Things may be changing. The UN’s envoy to Yemen, British diplomat Martin Griffiths, hopes to convene peace talks in Stockholm this week. Earlier efforts foundered when Iranian-backed Houthi rebels failed to show up for talks with the Saudi-backed regime of Abd-Rabbu Mansour Hadi. Mohammed Ali al-Houthi, head of the Houthi supreme revolutionary committee, pledged to go to Sweden “if safe exit and return is guaranteed and there are positive indications peace is a priority”.

BBC News: What is left of Mosul

Mosul, one of Iraq’s largest cities, was the place where so-called Islamic State declared its caliphate back in 2014. Now, after the Iraqi government has declared victory over IS -the group has also lost its last strongholds in Syria- the massive destruction over the campaign to liberate the city five months ago is in plain sight. Nafiseh Kohnavard from the BBC’s Persian Service has been covering the battle for Mosul and has been back to the city’s old town where life for ordinary civilians is anything but back to normal.

REU: Yemen foes set to attend Sweden peace talks after coalition allows wounded evacuation

DUBAI (Reuters) – Yemen’s Houthi group is expected to travel to Sweden as early as Monday for peace talks after the Saudi-led coalition approved the evacuation of some of their wounded for treatment, paving the way for negotiations to end the nearly four-year-old war.

Wounded Houthi fighters wait at Sanaa airport during his evacuation from Yemen December 3, 2018. REUTERS/Mohamed al-Sayaghi

U.N. special envoy Martin Griffiths arrived in the Houthi-held capital Sanaa on Monday to escort the Houthi delegation, a U.N. source told Reuters. The Saudi-backed government has said it would follow the Houthis to the talks, the first since 2016.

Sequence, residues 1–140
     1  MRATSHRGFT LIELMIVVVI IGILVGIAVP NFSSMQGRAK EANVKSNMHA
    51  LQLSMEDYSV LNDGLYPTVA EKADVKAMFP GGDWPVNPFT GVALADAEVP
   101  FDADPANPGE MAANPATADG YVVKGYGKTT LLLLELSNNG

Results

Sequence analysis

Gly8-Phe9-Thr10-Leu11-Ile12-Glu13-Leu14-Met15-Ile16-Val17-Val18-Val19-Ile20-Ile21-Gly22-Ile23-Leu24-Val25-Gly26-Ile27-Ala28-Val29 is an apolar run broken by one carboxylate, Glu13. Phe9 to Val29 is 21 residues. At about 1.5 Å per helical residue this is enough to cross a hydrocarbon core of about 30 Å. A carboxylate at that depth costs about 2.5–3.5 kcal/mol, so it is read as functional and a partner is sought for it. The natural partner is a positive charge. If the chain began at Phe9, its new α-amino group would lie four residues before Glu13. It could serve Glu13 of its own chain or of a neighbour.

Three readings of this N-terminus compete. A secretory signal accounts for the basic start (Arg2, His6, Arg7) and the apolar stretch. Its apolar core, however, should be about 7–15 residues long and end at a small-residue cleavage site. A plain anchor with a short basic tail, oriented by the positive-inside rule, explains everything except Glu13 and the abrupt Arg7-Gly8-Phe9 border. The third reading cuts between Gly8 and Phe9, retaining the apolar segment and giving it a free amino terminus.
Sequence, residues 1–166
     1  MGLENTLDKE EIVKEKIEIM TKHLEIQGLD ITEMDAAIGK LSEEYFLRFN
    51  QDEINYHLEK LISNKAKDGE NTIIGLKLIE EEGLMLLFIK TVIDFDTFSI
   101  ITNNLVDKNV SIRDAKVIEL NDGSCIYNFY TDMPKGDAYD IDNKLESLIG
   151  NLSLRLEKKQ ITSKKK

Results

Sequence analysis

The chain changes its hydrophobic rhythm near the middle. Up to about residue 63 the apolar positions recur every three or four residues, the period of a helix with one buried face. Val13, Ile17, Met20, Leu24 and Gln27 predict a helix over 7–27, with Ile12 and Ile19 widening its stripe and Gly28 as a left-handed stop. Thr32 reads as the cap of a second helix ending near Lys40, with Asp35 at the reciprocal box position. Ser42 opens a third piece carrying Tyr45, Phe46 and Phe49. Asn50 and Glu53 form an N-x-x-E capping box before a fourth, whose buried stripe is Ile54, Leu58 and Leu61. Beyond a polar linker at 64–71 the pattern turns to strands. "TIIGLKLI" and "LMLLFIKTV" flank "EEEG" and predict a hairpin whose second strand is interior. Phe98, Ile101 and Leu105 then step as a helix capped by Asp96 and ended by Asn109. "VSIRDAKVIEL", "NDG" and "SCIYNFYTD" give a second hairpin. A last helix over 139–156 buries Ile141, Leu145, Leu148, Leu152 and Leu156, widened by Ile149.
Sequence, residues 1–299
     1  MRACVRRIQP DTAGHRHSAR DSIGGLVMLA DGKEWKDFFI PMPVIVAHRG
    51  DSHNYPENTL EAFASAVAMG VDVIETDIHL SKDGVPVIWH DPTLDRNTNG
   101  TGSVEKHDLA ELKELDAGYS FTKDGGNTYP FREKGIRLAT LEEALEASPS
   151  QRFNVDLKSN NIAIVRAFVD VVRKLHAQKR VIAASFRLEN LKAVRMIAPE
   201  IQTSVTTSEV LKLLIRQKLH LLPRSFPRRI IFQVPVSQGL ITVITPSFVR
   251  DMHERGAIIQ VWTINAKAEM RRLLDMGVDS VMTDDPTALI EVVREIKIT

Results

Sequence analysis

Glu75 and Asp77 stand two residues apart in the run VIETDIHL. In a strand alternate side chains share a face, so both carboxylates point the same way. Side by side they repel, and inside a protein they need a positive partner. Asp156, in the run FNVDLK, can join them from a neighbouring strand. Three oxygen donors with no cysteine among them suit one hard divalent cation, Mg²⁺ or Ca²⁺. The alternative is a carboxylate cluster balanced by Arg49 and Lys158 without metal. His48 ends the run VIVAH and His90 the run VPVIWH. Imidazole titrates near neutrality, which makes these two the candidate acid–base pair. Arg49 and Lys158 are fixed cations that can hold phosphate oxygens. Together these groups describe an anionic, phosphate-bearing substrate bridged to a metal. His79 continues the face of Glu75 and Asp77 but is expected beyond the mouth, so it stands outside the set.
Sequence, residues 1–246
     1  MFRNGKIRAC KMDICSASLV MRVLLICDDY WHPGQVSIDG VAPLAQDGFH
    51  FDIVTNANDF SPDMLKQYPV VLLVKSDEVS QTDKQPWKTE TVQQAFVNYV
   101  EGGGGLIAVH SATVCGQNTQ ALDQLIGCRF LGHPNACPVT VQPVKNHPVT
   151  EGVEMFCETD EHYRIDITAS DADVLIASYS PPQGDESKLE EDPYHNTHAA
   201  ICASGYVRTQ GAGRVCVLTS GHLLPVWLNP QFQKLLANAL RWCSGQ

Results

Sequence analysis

Prospects for convening talks have increased as Western allies press Saudi Arabia, leader of the Sunni Muslim alliance battling the Iranian-aligned Houthis, over a war that has killed more than 10,000 people and pushed Yemen to the brink of famine.

The peace talks may start on Wednesday, two sources familiar with the matter said, after U.N. special envoy Martin Griffiths shuttled between the parties to salvage a previous round that collapsed in September after the Houthis failed to show up.

Western powers, which provide arms and intelligence to the coalition, may have greater leverage to demand action on Yemen after outrage over the murder of Saudi journalist Jamal Khashoggi in Riyadh’s consulate in Istanbul led to increased scrutiny of the kingdom’s activities in the region.

The U.S. Senate is due to consider this week a resolution to end support for the conflict, which is seen as a proxy war between Saudi Arabia and its arch foe, Shi’ite Iran.

A Houthi official told Reuters that their delegation could travel on Monday night or Tuesday morning. In addition the evacuation of their wounded, the group had asked to travel on a plane not inspected by the coalition.